When she appears in court, Gamze Kubasik will testify in the presence of those accused of killing her father. She hopes for composure. She also seeks justice and a sense of "inner peace" that vanished in April 2006.
She cannot sleep the night before an NSU trial court date. That much Gamze Kubasik knows from previous trips to the Higher Regional Court in Munich. Now, the tension is higher. This week (5.11.213), the young woman from Dortmund, a joint plaintiff in the trial, will be testifying against those accused of murdering her father, Mehmet Kubasik. She will speak in front of Beathe Zschäpe, the primary defendant who, together with four other men, is accused of supporting the right-wing terror group National Socialist Underground (NSU).
Kubasik refers to Beate Zschäpe as "the woman" or "the person". She also recalls her feelings when Zschäpe entered the courtroom on the first day of the trial in May 2013.
"It confirmed what I always thought of her, that she is not a human being. There were no signs of remorse on her face," Kubasik said in an interview with DW.
Kubasik says she had the impression that Zschäpe's proud, televised appearance that day, with her smiling lawyers in tow and even allegations of "flirting," was little more than a provocation. For Kubasik, though, it was unbearable. Still, she wants remain calm and composed in the courtroom. Zschäpe, the primary defendant, has refused thus far to give evidence. It is of even more importance, therefore that Kubasik and her mother testify - "That we are able to raise our voices," she says. "Me as a daughter, and my mother as a wife."
From victim to villain
Kubasik wants everyone to hear how their lives were derailed on April 6, 2006, the day her father, Mehmet Kubasik, was brutally killed in his shop in Dortmund in western Germany. Her father's "humanity was taken away," she said. The police turned their investigations on the victim, asking neighbors and relatives about drug operations, money laundering and connections to the mafia. The investigation reached as far as Turkey, the country from which Kubasik's parents immigrated to Germany.
Soon, people began to whisper, spreading rumors about the father of three. Kubasik can still recall the slander: "A drug dealer - thank god he didn't get a hold of my children."
Kubasik wants to tell the judge how difficult it was, how much her father is missed, particularly as the sole wage earner of the family. "My mother and I didn't eat at the end of the month, so that my siblings wouldn't notice."
In Dortmund, the authorities looked in the wrong direction - just like in the other nine murder cases later attributed to the NSU. "The authorities failed, and some of the murders could have been prevented," said Kubasik, referencing the findings of the parliamentary investigatory committee that researched the case. She was in Berlin when parliament debated it; President Joachim Gauck was seated next to her, hoping to provide support for the families of the victims. Kubasik now has a copy of the committee's findings. After testifying in Munich, she intends to read report in its entirety.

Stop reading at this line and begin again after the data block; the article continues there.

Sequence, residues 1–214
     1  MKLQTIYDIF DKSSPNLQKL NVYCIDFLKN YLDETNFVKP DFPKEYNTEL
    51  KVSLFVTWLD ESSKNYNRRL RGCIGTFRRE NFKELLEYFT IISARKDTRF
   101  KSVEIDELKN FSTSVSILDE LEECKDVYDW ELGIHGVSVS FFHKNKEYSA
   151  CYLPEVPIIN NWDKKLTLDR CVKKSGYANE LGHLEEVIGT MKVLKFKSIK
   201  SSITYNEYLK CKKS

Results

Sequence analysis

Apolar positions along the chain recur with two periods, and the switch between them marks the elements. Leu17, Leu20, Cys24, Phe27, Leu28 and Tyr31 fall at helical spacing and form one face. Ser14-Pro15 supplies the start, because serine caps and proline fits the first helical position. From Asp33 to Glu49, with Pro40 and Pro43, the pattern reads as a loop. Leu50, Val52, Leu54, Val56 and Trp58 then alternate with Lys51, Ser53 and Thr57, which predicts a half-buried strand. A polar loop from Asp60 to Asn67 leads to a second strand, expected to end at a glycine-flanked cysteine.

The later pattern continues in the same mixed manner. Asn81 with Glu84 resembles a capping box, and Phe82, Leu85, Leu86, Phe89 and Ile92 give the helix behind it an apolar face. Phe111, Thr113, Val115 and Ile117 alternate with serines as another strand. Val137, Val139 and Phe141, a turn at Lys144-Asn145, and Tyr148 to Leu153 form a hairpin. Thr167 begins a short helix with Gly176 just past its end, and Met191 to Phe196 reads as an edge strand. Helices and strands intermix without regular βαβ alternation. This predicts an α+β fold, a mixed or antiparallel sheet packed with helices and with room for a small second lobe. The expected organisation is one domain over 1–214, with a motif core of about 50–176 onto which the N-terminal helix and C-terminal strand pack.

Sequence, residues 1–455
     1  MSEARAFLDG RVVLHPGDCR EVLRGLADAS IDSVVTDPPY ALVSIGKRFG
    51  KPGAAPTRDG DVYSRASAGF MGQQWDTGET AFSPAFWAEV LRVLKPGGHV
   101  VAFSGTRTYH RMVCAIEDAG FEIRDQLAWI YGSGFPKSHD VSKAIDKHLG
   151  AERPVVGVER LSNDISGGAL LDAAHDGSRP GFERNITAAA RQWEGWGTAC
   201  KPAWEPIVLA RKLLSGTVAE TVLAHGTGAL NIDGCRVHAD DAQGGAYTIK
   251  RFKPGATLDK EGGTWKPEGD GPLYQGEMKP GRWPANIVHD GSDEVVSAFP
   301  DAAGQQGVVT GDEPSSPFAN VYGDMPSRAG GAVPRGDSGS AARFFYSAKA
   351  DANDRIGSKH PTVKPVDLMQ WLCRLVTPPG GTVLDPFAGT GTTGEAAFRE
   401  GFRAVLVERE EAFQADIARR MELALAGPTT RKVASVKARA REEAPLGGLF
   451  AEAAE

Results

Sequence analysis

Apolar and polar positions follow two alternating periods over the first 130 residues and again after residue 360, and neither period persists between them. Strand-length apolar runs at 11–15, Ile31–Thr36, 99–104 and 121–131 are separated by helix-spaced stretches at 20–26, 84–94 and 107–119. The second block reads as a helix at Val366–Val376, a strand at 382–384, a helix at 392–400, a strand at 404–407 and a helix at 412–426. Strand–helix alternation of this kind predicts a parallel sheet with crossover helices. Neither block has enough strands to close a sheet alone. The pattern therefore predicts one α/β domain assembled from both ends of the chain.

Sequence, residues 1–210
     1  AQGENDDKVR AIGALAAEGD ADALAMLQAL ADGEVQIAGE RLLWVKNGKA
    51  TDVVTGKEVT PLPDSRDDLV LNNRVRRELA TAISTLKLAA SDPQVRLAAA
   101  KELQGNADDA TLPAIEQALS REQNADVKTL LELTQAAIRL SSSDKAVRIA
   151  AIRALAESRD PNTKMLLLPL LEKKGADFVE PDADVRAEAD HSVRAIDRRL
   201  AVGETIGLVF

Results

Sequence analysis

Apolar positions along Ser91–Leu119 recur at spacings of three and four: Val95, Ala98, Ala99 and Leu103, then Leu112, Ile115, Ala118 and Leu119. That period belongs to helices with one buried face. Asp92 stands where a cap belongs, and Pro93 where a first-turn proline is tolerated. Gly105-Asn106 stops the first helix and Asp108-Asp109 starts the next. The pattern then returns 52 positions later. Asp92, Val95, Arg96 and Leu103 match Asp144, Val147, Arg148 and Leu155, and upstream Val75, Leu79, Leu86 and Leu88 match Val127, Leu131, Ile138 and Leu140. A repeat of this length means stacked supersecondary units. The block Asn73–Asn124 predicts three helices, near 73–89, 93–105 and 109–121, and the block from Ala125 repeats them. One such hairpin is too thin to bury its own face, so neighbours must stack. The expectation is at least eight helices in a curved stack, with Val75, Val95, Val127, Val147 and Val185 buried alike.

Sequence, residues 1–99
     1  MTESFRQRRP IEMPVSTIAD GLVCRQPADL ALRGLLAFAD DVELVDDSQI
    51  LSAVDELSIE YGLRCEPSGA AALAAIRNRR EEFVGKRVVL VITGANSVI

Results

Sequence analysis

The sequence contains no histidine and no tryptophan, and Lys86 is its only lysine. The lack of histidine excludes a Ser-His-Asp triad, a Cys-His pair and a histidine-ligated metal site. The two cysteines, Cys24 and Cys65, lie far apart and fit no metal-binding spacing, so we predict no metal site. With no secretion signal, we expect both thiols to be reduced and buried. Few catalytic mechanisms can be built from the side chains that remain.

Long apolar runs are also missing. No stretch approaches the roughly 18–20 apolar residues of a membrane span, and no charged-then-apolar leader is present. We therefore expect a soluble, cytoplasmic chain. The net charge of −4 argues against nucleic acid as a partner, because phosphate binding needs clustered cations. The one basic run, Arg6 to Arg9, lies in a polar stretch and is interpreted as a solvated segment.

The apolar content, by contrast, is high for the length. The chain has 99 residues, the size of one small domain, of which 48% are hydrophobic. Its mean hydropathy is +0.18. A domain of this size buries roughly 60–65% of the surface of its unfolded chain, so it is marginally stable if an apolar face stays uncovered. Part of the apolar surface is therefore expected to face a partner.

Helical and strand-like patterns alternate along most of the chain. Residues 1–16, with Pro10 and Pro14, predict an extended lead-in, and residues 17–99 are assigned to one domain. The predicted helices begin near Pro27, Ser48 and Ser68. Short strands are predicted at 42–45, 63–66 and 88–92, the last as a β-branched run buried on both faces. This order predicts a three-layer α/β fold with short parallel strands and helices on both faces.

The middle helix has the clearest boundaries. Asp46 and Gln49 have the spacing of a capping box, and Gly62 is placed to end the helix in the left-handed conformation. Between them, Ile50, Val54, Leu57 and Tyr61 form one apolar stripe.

And while she appreciates her meeting with Chancellor Angela Merkel and the work of the NSU investigation committee, "Still, nothing happens," she says. She still worries that documents went missing. Furthermore, she feels that not everything will ultimately be revealed, nor that all NSU supporters will go on trial.
Time to leave?
"For me, it's not enough when someone admits that there was a failure, and they therefore apologize," she says. "Do they realize that I lost my father?"
It is still agony for her "to think that my father could still be alive." When grief overcomes her, she sometimes thinks, "I'll pack my bags - I never want to see this country again."
The 28-years old does not want her mother and her younger brothers to notice her grief, though. Her mother, Elif Kubasik, still suffers from anxiety. She also wants to spare her brothers. Her youngest brother is 13 years old - "Still a child," she says. Her other brother, now 18, wants to travel to the trial in Munich for the first time. His older sister has to get used to the thought.
Close to the train station Dortmund, there's a memorial for the ten NSU victims: benches near placards written in Turkish and Greek to commemorate the cultural identities of the victims. Gamze Kubasik and her husband often come here. It was important for her that the memorials were set up in German cities. "It reassures me that such things will never be forgotten," she said. She is relieved that one day she might come here with her own children and they will know, "That was our grandpa."
"Never again" is written on the memorial, and whenever Gamze Kubasik takes part in events against right-wing violence, she advocates that message.
"As the daughter of Mehmet Kubasik, that is my mission," she said.
In Munich too, she wants to speak as a daughter. She wants "total clarification" - but hastily adds, "I don't know if it will ever happen."
Gamze Kubasik also hopes for "justice" - "That those responsible will be sentenced for killing people, or at least for having assisted in killing people."
When everything is concluded, she hopes to find inner peace and to lead a normal life. "That is my fondest wish," she said.